Trends in quality of anesthesia care associated with changing staffing patterns, productivity, and concurrency of case supervision in a teaching hospital
ABSTRACT The authors used continuous quality improvement (CQI) program data to investigate trends in quality of anesthesia care associated with changing staffing patterns in a university hospital.
The monthly proportion of cases performed by solo attending anesthesiologists versus attending-resident teams or attending-certified registered nurse anesthetist (CRNA) teams was used to measure staffing patterns. Anesthesia team productivity was measured as mean monthly surgical anesthesia hours billed per attending anesthesiologist per clinical day. Supervisory ratios (concurrency) were measured as mean monthly number of cases supervised concurrently by attending anesthesiologists. Quality of anesthesia care was measured as monthly rates of critical incidents, patient injury, escalation of care, operational inefficiencies, and human errors per 10,000 cases. Trends in quality at increasing productivity and concurrency levels from 1992 to 1997 were analyzed by the one-sided Jonckheere-Terpstra test.
Productivity was positively correlated with concurrency (r = 0.838; P<0.001). Productivity levels ranged from 10 to 17 h per anesthesiologist per clinical day. Concurrency ranged from 1.6 to 2.2 cases per attending anesthesiologist. At higher productivity and concurrency levels, solo anesthesiologists conducted a smaller percentage of cases, and the proportion of cases with CRNA team members increased. The patient injury rate decreased with increased productivity levels (P = 0.002), whereas the critical incident rate increased (P = 0.001). Changes in operational inefficiency, escalation of care, and human error rates were not statistically significant (P = 0.072, 0.345, 0.320, respectively).
Most aspects of quality of anesthesia care were apparently not effected by changing anesthesia team composition or increased productivity and concurrency. Only team performance was measured; the role of individuals (attending anesthesiologist, resident, or CRNA) in quality of care was not directly measured. Further research is needed to explain lower patient injury rates and increases in critical incident reporting at higher concurrency and productivity levels.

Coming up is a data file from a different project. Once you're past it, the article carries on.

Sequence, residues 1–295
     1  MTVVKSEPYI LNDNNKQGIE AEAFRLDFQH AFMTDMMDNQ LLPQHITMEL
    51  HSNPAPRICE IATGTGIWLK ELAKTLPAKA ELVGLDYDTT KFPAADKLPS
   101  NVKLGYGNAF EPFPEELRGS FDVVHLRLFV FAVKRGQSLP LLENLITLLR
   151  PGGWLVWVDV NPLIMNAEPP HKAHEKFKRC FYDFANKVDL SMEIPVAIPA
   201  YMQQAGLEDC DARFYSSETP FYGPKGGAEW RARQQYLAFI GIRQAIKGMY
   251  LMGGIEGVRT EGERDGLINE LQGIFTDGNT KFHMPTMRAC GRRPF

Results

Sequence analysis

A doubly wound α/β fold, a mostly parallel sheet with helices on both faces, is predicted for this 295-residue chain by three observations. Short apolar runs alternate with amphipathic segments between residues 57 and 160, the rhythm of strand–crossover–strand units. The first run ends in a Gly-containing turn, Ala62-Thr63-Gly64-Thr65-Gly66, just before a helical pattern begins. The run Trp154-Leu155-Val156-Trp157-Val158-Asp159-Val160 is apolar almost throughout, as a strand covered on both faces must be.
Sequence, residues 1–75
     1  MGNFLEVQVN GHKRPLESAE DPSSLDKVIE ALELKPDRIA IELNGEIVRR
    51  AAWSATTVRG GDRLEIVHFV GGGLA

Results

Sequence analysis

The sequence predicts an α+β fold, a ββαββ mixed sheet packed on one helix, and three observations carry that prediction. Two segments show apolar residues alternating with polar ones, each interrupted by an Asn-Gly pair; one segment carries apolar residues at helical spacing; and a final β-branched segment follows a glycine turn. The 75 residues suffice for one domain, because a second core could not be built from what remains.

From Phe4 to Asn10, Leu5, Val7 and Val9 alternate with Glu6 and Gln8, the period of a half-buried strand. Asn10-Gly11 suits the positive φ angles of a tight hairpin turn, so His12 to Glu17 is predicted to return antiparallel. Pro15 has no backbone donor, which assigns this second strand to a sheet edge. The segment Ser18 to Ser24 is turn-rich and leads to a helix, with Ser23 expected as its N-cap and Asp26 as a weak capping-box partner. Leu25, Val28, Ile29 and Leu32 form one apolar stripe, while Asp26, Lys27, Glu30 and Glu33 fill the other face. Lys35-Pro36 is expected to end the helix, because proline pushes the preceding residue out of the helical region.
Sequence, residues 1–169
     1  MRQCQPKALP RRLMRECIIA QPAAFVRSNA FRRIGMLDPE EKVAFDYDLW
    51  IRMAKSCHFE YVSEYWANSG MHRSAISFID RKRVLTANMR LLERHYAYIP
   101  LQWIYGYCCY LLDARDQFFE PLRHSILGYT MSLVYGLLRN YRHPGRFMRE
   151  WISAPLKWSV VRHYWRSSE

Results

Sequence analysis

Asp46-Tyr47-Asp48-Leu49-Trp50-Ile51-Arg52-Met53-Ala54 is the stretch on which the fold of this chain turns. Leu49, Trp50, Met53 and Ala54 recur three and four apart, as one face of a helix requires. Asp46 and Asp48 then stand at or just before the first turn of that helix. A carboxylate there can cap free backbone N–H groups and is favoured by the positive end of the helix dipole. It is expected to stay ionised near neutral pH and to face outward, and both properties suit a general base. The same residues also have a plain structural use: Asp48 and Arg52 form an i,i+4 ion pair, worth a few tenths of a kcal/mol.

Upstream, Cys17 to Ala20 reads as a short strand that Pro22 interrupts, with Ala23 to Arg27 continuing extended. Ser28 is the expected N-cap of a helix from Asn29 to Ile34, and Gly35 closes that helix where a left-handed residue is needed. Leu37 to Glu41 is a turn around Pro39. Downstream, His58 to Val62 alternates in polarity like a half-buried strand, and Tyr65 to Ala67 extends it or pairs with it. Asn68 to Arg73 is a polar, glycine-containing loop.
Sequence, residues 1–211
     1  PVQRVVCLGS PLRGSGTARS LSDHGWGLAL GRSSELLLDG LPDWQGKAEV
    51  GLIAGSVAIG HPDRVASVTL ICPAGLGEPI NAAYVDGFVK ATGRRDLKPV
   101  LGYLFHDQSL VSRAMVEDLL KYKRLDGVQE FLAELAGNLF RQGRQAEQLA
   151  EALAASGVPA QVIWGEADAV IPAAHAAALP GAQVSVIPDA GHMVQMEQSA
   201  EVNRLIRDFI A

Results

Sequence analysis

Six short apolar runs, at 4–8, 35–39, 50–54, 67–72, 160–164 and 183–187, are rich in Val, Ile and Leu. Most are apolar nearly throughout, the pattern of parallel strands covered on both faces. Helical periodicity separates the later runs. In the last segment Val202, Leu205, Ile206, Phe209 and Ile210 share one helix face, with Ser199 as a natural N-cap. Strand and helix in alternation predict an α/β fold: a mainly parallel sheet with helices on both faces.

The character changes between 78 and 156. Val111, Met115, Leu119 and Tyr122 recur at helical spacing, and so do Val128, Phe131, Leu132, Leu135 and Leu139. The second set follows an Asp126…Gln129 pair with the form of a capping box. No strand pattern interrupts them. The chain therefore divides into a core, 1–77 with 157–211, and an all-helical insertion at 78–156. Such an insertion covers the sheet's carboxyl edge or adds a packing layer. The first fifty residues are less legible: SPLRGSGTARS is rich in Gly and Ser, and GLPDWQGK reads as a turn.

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ABSTRACT: BACKGROUND:Theoretically, communication systems have the potential to increase the productivity of anesthesiologists supervising anesthesia providers. We evaluated the maximal potential of communication systems to increase the productivity of anesthesia care by enhancing anesthesiologists' coordination of care (activities) among operating rooms (ORs).METHODS:At hospital A, data for 13,368 pages were obtained from files recorded in the internal alphanumeric text paging system. Pages from the postanesthesia care unit were processed through a numeric paging system and thus not included. At hospital B, in a different US state, 3 of the authors categorized each of 898 calls received using the internal wireless audio system (Vocera(®)). Lower and upper 95% confidence limits for percentages are the values reported.RESULTS:At least 45% of pages originated from outside the ORs (e.g., 20% from holding area) at hospital A and at least 56% of calls (e.g., 30% administrative) at hospital B. In contrast, requests from ORs for urgent presence of the anesthesiologist were at most 0.2% of pages at hospital A and 1.8% of calls at hospital B.CONCLUSIONS:Approximately half of messages to supervising anesthesiologists are for activity originating outside the ORs being supervised. To use communication tools to increase anesthesia productivity on the day of surgery, their use should include a focus on care coordination outside ORs (e.g., holding area) and among ORs (e.g., at the control desk).Anesthesia and analgesia 02/2013; 116(4). DOI:10.1213/ANE.0b013e3182771cea · 3.42 Impact Factor
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